On the occasion of me becoming a large bear August 27, 2009Posted by markgeil in Awana, Church.
Tags: Awana, Cubbies
Last night was our first Awana club for the year at church. That’s when we gather on Wednesday nights with hundreds of children and mainly try to have fun and read the Bible without A) injuring, or B) losing any of them.
Last night represented a bit of a pinnacle in my Awana career because of something special that happened to us recently. I’ve joked for years about wanting this one item in the Awana catalog, a full-size Cubbie Bear costume. Cubbie Bear is the mascot for the 3- and 4-year-olds and an all around cool dude. The Cubbie Bear costume is rather expensive, like most Awana stuff, so it has remained for me a dream deferred, not unlike Langston Hughes’ raisin in the sun. Until now.
I was joking again during our training session for new leaders this year that we had about $12 in our Cubbie Bear Costume Fund. Of course, there was no such fund, and I always assumed no such costume, either. Later that night, one of the families showed up at our door with a check. “We talked and we decided we’d like to pay for the Cubbie Bear costume,” they announced to our incredulous faces. Cubbie Bear fruition. Dream no longer deferred. I felt like a kid at Christmas.
The big box arrived about a week later, and the big night, our Cubbie Bear debut, finally came. I tried the costume on about an hour early to see if it would fit. Along the way I figured out you have to take your shoes off, then put the furry shoe covers on, then put your shoes back on. I also learned that I’m just about as tall as one can be in the costume, and that I’m not nearly fat enough. I found some makeshift stuffing. Finally, I confirmed my suspicion that bears are made of warm cozy fur and this is still August in the ATL and that Cubbie would be spending his time inside that evening.
When the kids started to arrive, I found some stuffing, snuck into an empty room, and donned the costume. The next 20 minutes were so much fun. There were three categories of children that night:
Category 1: I’m a little too old to get too excited about a big bear walking around, but deep down inside I think Cubbie is totally cool.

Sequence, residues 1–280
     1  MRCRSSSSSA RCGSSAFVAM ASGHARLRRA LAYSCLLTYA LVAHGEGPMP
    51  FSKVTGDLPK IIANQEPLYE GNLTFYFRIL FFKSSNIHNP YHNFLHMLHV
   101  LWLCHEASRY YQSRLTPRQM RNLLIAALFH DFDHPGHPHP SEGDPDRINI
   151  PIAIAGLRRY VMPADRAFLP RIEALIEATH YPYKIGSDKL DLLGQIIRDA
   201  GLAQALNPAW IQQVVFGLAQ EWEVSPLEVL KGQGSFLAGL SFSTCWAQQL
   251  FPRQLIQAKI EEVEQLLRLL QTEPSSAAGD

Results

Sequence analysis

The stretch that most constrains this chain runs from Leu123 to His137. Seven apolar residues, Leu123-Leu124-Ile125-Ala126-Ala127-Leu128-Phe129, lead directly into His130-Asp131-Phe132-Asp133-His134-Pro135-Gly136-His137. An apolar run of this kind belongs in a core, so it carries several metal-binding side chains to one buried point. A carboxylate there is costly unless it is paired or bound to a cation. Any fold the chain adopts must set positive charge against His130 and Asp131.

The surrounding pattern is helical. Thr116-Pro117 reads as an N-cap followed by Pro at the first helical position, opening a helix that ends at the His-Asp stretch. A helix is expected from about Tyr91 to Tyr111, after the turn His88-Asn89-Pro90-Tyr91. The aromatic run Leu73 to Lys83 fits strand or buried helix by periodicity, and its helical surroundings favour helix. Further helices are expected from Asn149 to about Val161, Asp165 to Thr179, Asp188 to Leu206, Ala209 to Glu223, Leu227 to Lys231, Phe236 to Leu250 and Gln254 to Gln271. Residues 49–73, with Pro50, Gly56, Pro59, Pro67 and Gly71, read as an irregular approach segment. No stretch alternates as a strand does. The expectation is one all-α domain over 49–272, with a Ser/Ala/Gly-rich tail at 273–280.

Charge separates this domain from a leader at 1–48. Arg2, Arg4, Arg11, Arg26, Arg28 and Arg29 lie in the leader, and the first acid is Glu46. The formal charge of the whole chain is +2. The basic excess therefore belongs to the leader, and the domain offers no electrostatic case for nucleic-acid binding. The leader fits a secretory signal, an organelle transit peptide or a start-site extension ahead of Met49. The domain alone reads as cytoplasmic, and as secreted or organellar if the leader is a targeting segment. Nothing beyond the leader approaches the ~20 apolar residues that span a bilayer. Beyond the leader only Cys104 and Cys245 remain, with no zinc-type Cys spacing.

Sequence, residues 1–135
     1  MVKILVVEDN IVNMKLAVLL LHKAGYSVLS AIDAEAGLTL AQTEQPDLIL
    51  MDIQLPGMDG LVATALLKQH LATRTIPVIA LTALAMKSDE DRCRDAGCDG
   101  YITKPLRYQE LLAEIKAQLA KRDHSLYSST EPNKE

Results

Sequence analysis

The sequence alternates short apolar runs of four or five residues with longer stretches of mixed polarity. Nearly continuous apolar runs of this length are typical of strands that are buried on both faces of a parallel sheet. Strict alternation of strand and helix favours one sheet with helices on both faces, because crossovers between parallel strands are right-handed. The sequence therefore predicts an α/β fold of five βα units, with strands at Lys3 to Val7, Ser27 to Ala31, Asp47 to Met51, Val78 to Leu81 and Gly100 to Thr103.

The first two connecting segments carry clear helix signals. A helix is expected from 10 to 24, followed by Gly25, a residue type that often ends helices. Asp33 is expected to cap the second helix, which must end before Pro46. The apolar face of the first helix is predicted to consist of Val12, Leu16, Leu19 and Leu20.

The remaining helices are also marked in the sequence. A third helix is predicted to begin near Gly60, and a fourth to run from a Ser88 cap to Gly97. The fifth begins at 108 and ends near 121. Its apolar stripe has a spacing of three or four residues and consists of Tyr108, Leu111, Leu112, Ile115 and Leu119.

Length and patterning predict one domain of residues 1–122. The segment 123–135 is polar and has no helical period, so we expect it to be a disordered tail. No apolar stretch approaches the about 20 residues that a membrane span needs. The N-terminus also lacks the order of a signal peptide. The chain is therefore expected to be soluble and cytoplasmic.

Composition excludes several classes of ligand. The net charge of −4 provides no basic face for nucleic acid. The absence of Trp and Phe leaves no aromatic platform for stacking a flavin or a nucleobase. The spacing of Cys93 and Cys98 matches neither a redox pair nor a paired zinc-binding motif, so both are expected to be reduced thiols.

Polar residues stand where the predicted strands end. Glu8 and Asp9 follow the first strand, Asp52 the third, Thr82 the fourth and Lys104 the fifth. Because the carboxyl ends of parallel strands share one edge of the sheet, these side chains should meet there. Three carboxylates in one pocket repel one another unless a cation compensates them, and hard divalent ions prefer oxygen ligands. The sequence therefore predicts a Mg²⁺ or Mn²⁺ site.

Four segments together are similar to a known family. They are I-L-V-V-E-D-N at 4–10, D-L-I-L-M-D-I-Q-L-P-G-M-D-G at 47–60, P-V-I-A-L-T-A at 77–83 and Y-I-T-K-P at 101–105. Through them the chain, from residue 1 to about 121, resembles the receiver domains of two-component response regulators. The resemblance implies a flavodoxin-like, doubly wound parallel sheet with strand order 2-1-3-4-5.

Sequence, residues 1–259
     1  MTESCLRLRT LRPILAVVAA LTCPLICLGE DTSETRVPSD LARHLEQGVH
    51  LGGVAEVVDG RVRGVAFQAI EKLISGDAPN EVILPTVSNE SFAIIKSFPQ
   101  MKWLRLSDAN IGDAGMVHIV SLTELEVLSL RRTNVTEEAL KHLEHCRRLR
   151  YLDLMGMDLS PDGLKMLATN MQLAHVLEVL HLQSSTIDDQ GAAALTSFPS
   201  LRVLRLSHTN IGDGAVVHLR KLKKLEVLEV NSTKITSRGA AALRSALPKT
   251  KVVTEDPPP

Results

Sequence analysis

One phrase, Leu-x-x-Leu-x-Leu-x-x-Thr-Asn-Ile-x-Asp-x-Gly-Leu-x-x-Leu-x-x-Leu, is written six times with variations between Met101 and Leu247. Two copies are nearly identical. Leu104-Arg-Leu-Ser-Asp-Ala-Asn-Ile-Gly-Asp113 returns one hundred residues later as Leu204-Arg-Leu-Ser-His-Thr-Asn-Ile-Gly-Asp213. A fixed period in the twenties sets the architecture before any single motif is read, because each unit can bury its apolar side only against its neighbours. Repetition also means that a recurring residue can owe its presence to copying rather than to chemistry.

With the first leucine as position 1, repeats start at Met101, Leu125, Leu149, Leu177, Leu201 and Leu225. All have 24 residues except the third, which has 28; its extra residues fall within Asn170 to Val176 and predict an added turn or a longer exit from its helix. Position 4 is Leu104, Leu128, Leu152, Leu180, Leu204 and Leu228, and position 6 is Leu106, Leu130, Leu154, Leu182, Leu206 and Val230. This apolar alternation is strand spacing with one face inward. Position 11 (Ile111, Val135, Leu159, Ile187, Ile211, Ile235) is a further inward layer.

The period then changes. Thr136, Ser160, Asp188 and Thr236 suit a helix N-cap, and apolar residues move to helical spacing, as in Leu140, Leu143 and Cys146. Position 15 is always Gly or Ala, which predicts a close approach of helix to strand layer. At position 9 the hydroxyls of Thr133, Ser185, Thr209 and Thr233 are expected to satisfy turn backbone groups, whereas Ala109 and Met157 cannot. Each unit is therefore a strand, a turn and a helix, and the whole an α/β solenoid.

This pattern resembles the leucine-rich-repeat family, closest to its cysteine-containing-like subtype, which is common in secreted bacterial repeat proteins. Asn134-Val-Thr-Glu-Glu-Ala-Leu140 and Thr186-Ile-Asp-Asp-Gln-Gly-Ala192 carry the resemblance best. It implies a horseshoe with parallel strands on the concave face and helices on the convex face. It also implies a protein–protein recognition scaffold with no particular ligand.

Category 2: Oh. My. Goodness. That’s… that’s the REAL Cubbie Bear! This is like my wildest dreams coming true! Must touch. Must hug. My life will never be the same.
Category 3: AAAHHHH! MOMMY! THERE’S A BEAR!! AND HE’S SIX FEET TALL!! WHY AREN’T YOU PEOPLE RUNNING FOR YOUR LIVES?!! You just keep your distance, you scary bear. I’m watching you!
One little toddler (Category 2) followed me around the whole night, giggling. I did my best not to trample him as I peered through the little screen in Cubbie’s mouth. He must have hugged me a dozen times, and he just guffawed when I patted his head.
One Category 3 tike was walking through the front door when he glanced up, spotted me, and did a priceless double-take as the look of dread spread on his face. He almost fell down, right there on his bum, trying to crawl up his mommy’s leg.
A group of slightly older boys gave me hearty high-fives and then stood back a bit, watching me and sizing up the scene. Honestly, I sometimes forget what goes through children’s heads. Turns out these boys, who were old enough to know better, were having a fairly serious debate about whether or not I was, in fact, a real bear. As in, wild animal. Finally, one put on a wise face and whispered to his friend, “Look, you can see part of his shoe. I told you it’s just a guy.” Bittersweet to be a part of the end of the innocence, but really, it was time.
A sweet little girl wrapped her arms around me and then turned to her mother, smiling. “Oh my, mommy, he’s very soft!”
All too soon it was time for me to become Mr. Mark again, so I went back into my bear cave. Amy said that some of the older kids stood staring, wondering how I vanished like that. Another little cutie who can’t quite say her “R” sounds stood angrily in the hall, devastated that she had missed me, demanding, “Wheyw is Cubbie Beyw?”
Another time one of our leaders, Mr. Jimmy, who has a devious streak in him, decided it would be fun to perch me on a chair completely still as if I was a stuffed bear. Then my little friend Joshua came around, and Mr. Jimmy asked him if I was real. Joshua timidly poked me once or twice and I didn’t move. Then he lifted my arm, and I let it flop right back down. Mr. Jimmy said, “Why don’t you go give him a hug?” and just as Joshua approached I sprung out of the chair and wrapped my bear paws around him. He freaked. We laughed. I realize I have now ruined any chance of any of you sending your children to our church.
I could have been Cubbie Bear all night. We’re so happy that we’ve gotten the costume. It’s one of those silly, frivolous things that we know is not necessary for ministry, and we feel like God gave it to us anyway, just to show us a glimpse of His extravagant love.
Now we just need to start a fund for the therapy bills for those Category Threes. And Joshua.